Wednesday, April 2, 2014

Architecture and Light - Creating Dimension

Detail from "A Floral Vista" by Cathy Geier

I'm in between quilts and I'm bored! Sometimes the hardest thing for me to do is decide what to make next.  Am I ready for a BIG project I can sink my teeth into - one which will take me a couple of months?  Or do I want something fast and simple.  I just don't know.  In the meantime, I'll show you an older quilt and explain a bit about lighting and shading.  This is a detail photo from "A Floral Vista", I made it in 2006 or so.

The quilt is made of 1 inch finished squares. No, I'm not a crazy person! Using a tear away foundation to piece means that sewing tiny squares together is just as easy as sewing larger ones.  I had just finished my first book and wanted a challenge so I designed and created this piece based on a painting by Jerome.  (I never did find out ANYTHING about Jerome. I can't even tell you when he painted or what country he lives/lived in. The first lesson of the day is that you should include your last name on your artwork!)

A Floral Vista

There are many ways to create depth in your landscape quilts.  The first is by using value.  Darker richer fabrics should be placed in the foreground. There are exceptions of course, but for the most part, follow this rule and half your job is done.  The farther away elements in your landscape are, the lighter and the grayer they become.  When I'm making a landscape quilt, I usually have this color/value tool in my pocket. (It is made by Cottage Mills and I bought mine on amazon.)  It comes in red and green so you can use it for all kinds of colors.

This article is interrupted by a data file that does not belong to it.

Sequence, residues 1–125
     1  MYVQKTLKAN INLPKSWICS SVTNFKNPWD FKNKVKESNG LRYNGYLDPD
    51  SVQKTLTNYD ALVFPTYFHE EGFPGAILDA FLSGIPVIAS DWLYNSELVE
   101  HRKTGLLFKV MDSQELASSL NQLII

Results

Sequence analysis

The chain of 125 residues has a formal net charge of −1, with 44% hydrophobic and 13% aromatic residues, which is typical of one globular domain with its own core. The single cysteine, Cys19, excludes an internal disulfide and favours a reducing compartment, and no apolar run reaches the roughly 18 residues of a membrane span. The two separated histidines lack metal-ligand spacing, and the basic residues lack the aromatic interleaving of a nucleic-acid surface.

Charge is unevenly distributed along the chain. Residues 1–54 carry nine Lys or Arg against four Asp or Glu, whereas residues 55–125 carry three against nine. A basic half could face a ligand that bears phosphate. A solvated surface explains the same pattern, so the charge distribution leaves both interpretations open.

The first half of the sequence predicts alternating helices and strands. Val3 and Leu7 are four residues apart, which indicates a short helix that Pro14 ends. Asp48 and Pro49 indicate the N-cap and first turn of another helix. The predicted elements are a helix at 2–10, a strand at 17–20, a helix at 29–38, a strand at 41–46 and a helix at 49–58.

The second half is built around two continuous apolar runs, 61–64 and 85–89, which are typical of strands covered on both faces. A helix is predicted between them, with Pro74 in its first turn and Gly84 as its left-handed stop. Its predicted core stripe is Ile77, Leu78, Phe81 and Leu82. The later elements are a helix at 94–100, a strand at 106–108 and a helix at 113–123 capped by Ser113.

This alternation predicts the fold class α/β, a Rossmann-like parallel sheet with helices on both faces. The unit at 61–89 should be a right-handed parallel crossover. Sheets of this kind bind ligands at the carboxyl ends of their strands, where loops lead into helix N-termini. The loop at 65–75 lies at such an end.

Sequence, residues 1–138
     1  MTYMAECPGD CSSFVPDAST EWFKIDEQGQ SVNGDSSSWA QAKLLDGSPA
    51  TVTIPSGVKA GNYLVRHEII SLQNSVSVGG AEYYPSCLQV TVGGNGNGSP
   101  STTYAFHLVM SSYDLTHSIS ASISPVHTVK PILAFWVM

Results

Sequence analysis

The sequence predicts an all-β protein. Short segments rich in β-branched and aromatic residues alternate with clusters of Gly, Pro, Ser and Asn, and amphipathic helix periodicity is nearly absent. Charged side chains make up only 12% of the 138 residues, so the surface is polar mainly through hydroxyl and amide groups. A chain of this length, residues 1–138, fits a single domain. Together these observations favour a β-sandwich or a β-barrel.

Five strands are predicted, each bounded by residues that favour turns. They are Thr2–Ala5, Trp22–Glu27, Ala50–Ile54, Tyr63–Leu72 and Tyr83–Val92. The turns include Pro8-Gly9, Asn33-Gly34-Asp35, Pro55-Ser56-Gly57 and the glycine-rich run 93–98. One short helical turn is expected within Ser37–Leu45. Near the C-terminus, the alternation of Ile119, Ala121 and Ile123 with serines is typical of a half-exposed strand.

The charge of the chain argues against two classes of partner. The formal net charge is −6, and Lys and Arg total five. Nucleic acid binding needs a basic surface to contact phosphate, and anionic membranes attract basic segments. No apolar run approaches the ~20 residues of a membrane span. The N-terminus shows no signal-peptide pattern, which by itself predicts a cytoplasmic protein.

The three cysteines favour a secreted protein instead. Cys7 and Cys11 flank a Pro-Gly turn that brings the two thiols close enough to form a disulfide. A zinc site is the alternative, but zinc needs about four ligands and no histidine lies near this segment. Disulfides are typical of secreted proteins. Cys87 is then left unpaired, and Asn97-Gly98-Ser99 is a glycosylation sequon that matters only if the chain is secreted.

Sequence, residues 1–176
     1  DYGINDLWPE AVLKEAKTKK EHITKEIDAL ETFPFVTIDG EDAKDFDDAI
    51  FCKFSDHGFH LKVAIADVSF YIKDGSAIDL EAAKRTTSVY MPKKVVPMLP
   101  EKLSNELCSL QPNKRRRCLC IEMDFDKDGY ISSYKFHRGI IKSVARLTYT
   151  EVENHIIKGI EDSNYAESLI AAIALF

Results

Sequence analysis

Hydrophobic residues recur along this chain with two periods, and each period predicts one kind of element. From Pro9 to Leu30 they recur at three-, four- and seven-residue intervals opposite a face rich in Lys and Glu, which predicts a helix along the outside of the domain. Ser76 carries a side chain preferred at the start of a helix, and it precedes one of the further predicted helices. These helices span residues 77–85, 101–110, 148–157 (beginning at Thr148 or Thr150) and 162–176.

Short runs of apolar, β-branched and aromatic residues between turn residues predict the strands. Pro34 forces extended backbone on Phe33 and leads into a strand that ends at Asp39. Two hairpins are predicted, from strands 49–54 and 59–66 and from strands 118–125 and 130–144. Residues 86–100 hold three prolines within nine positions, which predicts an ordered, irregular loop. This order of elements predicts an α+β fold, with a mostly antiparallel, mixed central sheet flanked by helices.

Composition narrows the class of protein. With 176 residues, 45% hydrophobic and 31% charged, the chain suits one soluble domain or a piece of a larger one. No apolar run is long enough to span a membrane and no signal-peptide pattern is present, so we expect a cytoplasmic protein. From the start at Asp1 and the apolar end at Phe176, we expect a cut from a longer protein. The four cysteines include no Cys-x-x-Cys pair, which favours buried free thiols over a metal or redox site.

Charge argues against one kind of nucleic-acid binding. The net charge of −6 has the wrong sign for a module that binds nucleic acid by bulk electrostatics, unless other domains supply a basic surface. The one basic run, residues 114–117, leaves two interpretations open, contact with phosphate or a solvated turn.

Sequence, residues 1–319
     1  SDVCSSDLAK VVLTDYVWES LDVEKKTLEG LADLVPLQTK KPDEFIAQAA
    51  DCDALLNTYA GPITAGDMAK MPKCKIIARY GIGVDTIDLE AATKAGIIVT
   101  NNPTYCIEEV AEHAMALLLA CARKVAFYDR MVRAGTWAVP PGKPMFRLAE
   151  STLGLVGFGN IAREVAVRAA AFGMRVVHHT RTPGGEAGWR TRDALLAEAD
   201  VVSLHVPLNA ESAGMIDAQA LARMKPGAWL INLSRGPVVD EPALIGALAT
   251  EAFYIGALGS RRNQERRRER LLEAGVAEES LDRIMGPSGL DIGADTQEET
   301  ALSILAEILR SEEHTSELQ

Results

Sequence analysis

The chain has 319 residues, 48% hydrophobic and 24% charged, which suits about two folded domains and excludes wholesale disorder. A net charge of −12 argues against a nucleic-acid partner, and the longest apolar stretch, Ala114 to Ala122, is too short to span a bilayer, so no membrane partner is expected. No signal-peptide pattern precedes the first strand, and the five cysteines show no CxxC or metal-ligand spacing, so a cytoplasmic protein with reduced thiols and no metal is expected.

The second way to create depth is through a careful use of shading. This can be done during the piecing/design process or after the quilt top is pieced using fabric dye markers.  I used both to create this scene.

In this detail photo of the column, you can see how I used a slightly darker shade of gray on the left side of the column.

This creates an illusion that the column is 3 dimensional.  It also adds to the illusion that light is shining in under the archway.

By the way, I used crayons to color the reed plant -white and dark green crayons!  Just color them on and press them with a hot iron and an absorbent press cloth to make them permanent.

Darker prints were used to create the shadows along the rock wall

I used fabric dye markers to create the shaded vase after the quilt top was pieced.  Here is a detail photograph so you can see it better.  Sometimes when I'm shading a vase I stipple quilt it first and then use the gray dye markers to shade those stippled shapes.  The vase here is made using one fabric, but you'd never be able to guess that would you? I love dye markers!

Well, time to get back to my sewing room and figure out what to do next.  Or maybe I'll just grab my kindle and go to the gym and do the treadmill thing... I've got to come up with a plan!  As always, comments and questions are welcomed!

Have fun with your quilting adventures!


  1. Like i said on FB ... wont you plz have classes? I know u cant teach "Talent" ... but the mechanics?

  2. Replies
    1. Thank you. I made this one after my first book came out. In the book, the publisher didn't want me making projects with too many fabrics or too difficult. So once the quilts for the book were done, I launched into this quilt to challenge myself in a big way. It took a long time to finish the quilt, lol.